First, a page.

CT- Victims urge archbishop to withdraw challenge
He's trying to overturn “great” child safety law, they say
SNAP to prelate: “Stop protecting predators & hurting kids”
Group urges him to drop appeal before state Supreme Court
Hearing is set for Sept. 22 in pedophile priest/cover up lawsuit
They prod Catholic officials to post names of child molesting clerics
Holding signs and childhood photos at a sidewalk news conference, clergy sex abuse victims and their supporters will:
–blast Hartford's Catholic archbishop for trying to overturn a state law that protects kids and exposes predators,
–reverse himself and drop his appeal to the state's highest court, and
–safeguard children by posting predator priests' names on parish and archdiocesan websites.
Thursday, Sept. 18 at 1:00 p.m.
Outside the Supreme Court building, 231 Capitol Ave. (corner of Lafayette St.) in Hartford CT
Eight-ten men and women who are abuse victims and members of SNAP, the Survivors Network of those Abused by Priests (SNAPnetwork.org), including an Ohio woman who exposed clergy sex crimes and cover ups by Hartford's archbishop when he headed the Toledo diocese for a decade (2003-2013)
Hartford's Catholic archbishop is asking the Connecticut Supreme Court to make it much harder for victims, witnesses and whistleblowers to protect children, inside and outside of the church. He wants the justices to toss out a widely-praised 12 year old state law that gives victims more time to expose those who commit and conceal child sex crimes through civil litigation.
In 2002, Connecticut lawmakers extended the statute of limitations, letting child sex abuse victims to take legal action against their predators and employers who shield them until they turn 48 years of age. (Since 2002, lawmakers have extended it even further.)
Archbishop Leonard Blair - and his predecessor Archbishop Henry Mansell - claim that the statute was unconstitutional, based on the 'due process' clause of the state constitution.
“Two months ago, Pope Francis said the church should 'make reparations” to victims and “All bishops must (exercise) the utmost care in order to help foster the protection of minors,'” said David Clohessy, director of SNAP. “But Blair is doing the reverse. And worse, if he wins, he'll be enabling child molesters in all settings to remain under the radar and keep sexually assaulting kids.”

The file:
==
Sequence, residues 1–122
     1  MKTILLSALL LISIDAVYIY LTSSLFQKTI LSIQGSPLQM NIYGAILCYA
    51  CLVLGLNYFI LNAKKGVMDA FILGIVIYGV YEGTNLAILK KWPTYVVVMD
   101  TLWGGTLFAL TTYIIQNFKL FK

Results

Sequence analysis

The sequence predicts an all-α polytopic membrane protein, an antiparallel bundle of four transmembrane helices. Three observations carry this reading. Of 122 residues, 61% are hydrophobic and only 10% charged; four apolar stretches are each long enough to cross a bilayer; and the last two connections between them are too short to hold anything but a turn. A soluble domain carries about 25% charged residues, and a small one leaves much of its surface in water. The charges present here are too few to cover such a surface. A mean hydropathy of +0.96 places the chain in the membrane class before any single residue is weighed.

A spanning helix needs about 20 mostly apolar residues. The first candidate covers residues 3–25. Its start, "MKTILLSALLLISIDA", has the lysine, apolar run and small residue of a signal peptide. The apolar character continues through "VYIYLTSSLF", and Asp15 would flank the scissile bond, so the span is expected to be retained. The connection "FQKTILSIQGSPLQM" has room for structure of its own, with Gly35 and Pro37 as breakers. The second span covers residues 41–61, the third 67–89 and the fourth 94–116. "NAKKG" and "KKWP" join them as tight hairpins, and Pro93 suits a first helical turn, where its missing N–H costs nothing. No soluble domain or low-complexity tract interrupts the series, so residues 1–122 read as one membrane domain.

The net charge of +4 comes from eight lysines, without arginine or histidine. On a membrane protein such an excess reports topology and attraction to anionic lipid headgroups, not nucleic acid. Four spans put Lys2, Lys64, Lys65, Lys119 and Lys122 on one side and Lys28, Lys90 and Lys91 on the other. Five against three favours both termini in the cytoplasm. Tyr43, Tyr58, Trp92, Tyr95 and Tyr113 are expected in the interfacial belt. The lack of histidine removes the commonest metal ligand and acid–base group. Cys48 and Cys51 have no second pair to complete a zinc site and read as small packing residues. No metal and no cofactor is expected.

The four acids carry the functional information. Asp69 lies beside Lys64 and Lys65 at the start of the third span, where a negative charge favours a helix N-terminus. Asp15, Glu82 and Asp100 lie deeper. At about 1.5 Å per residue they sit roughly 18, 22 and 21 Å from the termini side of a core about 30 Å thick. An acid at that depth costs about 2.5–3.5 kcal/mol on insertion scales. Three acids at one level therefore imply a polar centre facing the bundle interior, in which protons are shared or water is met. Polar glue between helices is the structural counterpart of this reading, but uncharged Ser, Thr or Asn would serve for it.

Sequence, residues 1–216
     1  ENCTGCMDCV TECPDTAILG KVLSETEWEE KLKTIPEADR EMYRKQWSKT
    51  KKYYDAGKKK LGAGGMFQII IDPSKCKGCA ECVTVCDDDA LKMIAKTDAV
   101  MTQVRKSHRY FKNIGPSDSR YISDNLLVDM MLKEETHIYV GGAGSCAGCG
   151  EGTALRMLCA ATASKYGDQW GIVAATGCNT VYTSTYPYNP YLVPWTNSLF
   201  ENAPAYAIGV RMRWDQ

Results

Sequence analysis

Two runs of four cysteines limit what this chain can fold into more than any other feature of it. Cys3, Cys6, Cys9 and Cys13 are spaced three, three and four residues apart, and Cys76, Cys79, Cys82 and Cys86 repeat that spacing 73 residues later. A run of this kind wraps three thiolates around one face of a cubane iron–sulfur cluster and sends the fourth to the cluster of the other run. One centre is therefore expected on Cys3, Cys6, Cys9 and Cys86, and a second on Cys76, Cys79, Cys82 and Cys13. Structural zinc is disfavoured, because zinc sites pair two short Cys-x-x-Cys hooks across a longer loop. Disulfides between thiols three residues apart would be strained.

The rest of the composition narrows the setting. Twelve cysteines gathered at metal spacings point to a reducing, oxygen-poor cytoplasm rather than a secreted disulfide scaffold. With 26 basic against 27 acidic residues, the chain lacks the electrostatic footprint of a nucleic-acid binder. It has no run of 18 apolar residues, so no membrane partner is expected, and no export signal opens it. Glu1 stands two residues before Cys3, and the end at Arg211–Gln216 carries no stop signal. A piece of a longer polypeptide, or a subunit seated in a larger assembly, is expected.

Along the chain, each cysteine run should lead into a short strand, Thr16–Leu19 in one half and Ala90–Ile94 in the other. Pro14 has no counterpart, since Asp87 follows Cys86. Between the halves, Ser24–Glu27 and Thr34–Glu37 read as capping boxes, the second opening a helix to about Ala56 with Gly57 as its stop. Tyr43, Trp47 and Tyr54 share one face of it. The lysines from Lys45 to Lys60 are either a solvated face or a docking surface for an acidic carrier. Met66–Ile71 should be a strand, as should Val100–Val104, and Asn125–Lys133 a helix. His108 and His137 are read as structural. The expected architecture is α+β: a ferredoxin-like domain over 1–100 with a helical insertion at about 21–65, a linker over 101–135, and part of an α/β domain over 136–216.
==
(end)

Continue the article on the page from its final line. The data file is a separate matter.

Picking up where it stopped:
In 2012, a jury found Hartford Archdiocese officials negligent and reckless in handling abuse reports against Fr. Ivan Ferguson and awarded a victim a $1 million judgment. (Another $350,000 in punitive damages was added, making the total $1.35+). Fr. Ferguson admitted his crimes. But Blair also wants to overturn this verdict.
Fr. Ferguson has been accused before. In 1993, three men filed civil abuse and cover up lawsuits charging that they were molested by Fr. Ferguson in the1970s and that archdiocesan staff could and should have prevented the crimes.
Two were settled. In 2002, Ferguson was still a priest but had no ministerial or teaching duties. At least two cases against Ferguson were included in a 2005 $14 million settlement with Archdiocese involving 14 predator priests. At least five other cases against Fr. Ferguson have been filed since then.
From 1985 to 1993, Ferguson worked as a chaplain at Hartford Hospital. He died in2002
During his ten years as head of an Ohio diocese, SNAP charges that Blair similarly fought against statute of limitations reform there. As a result, “more child molesters hurt more children and more “enablers” went undetected and won promotions,” the group contends.
Finally, SNAP is urging Blair to post on his archdiocesan website the names, photos, whereabouts and work histories of the 33 publicly accused child molesting clerics who are or have been in the Hartford Archdiocese. Roughly 30 US bishops (including Bridgeport's) have done this. In SNAP's view, this is “the bare minimum” Catholic officials should do.
“Since bishops recruited, educated, ordained, hired, trained and transferred thousands of predator priests, the least they can do – to protect the vulnerable and heal the wounded- is disclose who and where these offenders are,” said Clohessy.
The victim is represented by New Haven attorneys Tom McNamara (203 782 9241, firstname.lastname@example.org) and Hugh Hughes (203 683 1772). Over the past 22 years, McNamara has handled dozens of child sex abuse and cover up cases. The archdiocese is represented by John W. Sitarz (860 527 1141) and Wesley Horton (860 522 8338).